India and the IMF
IMF Surveillance -- A Factsheet
Free Email Notification
Heeding Hippocrates: The IMF and the Reform Process|
Address to the Council on Foreign Relations
By Anne O. Krueger
First Deputy Managing Director
International Monetary Fund
New York, November 22, 2004
Good morning and thank you for that kind introduction, Peter. I am delighted to be here. It is always useful to get out of Washington and get a fresh perspective on our work at the Fund. So I am looking forward to the discussion this morning.
I should first elaborate on the title. At least some of you will have guessed that I was referring to that part of the Hippocratic Oath that warns doctors that they should first do no harm. This is advice that can—and should—equally apply to policymakers embarking on economic reforms. And it should be heeded by those of us who seek to advise and support policymakers committed to reform.
For doctors, of course, this part of the Hippocratic Oath has become more difficult to gauge as medical technology has advanced. As more powerful therapies have been developed, the choice of treatment has often become more complicated—something sufficiently powerful to do good might also have unpleasant side-effects. At what point does one outweigh the other? How does the doctor choose, especially when circumstances require a quick decision?
Policymakers face equally acute dilemmas. Action to deal with a pressing problem might have unwelcome but inevitable short-term consequences. A government that takes the measures necessary to curb soaring inflation might, in the short term, have to accept rising unemployment. A necessary evil we economists might say: but those losing their jobs might not see it quite like that.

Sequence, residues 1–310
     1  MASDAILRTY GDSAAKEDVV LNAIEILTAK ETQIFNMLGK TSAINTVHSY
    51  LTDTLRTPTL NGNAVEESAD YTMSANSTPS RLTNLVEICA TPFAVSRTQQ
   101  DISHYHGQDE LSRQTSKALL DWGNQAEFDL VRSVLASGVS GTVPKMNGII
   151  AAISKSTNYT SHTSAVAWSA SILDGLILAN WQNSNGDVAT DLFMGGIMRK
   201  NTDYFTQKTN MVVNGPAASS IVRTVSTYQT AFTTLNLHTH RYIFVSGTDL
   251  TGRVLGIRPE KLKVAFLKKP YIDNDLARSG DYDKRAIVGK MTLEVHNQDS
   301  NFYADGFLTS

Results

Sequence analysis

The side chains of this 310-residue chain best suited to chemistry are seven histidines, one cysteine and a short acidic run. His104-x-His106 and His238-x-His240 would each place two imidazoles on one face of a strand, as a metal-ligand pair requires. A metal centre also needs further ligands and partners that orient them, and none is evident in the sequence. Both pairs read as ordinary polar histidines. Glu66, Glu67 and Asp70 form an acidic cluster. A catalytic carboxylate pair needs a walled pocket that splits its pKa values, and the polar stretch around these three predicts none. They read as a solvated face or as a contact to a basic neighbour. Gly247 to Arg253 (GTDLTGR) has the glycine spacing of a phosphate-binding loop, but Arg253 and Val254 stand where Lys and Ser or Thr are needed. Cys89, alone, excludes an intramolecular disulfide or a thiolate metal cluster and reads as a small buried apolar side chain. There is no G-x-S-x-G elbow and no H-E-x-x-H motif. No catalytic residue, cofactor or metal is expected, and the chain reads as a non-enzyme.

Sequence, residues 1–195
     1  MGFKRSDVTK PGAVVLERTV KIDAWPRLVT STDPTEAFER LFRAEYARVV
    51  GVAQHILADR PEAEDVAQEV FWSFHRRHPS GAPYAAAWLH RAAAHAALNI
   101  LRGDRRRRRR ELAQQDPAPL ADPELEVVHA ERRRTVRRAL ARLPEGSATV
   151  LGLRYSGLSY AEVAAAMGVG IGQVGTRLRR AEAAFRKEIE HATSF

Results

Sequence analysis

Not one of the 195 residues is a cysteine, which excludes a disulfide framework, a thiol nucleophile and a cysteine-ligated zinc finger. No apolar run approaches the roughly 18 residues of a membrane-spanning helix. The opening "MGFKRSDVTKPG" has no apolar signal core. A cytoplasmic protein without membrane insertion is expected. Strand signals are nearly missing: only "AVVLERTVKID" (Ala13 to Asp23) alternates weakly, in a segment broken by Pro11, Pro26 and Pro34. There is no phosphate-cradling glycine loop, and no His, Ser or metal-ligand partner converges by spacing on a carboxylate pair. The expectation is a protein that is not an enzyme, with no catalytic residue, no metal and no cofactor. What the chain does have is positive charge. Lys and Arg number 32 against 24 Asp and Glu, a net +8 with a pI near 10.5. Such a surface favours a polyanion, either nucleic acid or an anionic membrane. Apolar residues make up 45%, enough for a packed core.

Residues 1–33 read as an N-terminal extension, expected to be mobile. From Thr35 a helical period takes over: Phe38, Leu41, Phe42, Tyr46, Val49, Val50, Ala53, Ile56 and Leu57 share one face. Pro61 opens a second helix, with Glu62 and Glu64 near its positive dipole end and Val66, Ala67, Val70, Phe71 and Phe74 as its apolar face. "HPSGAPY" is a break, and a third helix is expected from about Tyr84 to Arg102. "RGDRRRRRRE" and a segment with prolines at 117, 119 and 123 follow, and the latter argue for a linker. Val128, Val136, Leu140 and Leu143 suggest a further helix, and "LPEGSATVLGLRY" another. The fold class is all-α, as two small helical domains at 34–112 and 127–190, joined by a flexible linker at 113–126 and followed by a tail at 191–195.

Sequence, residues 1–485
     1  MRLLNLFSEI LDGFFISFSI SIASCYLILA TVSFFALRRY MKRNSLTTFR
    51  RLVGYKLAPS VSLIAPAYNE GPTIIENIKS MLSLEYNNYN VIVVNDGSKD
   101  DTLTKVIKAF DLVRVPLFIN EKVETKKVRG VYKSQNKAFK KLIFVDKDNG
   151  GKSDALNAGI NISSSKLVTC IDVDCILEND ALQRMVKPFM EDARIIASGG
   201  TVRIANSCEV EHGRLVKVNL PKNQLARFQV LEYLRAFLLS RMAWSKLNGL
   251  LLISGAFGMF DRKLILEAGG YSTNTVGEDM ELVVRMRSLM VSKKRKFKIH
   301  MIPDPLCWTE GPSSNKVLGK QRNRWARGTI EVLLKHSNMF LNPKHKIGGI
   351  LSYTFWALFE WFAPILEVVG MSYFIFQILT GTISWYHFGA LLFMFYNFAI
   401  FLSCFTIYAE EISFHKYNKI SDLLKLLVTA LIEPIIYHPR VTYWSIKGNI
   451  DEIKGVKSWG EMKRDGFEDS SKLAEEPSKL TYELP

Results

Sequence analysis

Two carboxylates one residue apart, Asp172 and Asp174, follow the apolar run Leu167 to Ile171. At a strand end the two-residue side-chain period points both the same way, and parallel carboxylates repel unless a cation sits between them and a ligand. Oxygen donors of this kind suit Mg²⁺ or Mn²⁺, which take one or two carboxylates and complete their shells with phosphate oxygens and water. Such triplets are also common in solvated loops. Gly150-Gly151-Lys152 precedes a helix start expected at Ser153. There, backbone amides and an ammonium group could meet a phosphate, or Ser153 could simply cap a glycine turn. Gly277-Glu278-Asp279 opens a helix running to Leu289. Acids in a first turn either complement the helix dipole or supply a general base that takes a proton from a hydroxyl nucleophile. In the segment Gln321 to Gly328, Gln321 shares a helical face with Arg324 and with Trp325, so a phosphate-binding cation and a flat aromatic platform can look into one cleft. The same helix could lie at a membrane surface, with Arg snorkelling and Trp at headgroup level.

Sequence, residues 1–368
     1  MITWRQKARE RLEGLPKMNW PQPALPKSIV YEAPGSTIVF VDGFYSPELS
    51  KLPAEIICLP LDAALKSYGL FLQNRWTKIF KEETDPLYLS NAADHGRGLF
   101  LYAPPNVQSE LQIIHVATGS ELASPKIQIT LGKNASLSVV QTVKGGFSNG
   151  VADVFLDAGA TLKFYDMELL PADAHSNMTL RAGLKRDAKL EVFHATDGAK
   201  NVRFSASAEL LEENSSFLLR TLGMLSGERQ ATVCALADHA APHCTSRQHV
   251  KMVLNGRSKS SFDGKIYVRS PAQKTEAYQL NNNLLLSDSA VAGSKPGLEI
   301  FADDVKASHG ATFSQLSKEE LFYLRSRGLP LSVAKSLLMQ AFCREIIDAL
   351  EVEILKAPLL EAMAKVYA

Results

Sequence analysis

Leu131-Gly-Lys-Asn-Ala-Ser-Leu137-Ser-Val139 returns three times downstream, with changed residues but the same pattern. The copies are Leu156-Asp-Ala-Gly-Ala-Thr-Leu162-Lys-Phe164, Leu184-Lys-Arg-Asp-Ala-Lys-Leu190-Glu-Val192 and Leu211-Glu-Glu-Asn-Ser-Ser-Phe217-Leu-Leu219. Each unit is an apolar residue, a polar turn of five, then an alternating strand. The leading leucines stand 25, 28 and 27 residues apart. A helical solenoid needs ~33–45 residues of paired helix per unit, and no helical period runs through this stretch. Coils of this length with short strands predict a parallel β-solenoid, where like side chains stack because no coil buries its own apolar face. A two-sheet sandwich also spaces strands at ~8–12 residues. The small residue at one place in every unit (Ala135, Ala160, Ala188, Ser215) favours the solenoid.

Policymakers also have to consider that inaction can inflict economic harm. Failing to curb inflation, doing nothing about overly rigid labor markets, ignoring the need to bring government borrowing under control—these will all undermine economic performance. They might not do so during the time horizon of elected officials, however, which is another factor those seeking to guide policymakers must take into account.
I want this morning to share some observations about the economic reform process and set out where I think the Fund can help policymakers develop sound economic policies. I then want to say something about the prescriptions for policy reform.
The Fund and economic reform
Let me start by reiterating something so obvious to us all that it sometimes gets overlooked. Reform is above all a process, and a continuing one at that. So often we talk about reform as if it is a single step, or a discrete, finite group of steps. It is not, of course. We need look no further than Washington and look at the scale of economic reforms envisaged by President Bush for his second term to appreciate that. The United States is the world's largest, most sophisticated and dynamic economy: yet it is that very dynamism that ensures it is continuously evolving. Economic policy, in turn, needs to adapt to the needs of the evolving economy if it is to facilitate economic growth
So we are talking about a process that has no end and those who speak of "reform fatigue" or of the need for a pause in the reform process rather miss the point. Failure to push on with reforms will at best stifle growth; and at worst undermine macroeconomic stability. The chance to improve living standards and reduce poverty will be diminished if not lost; and any improvement in living standards or reduction in poverty will be less than it might otherwise be.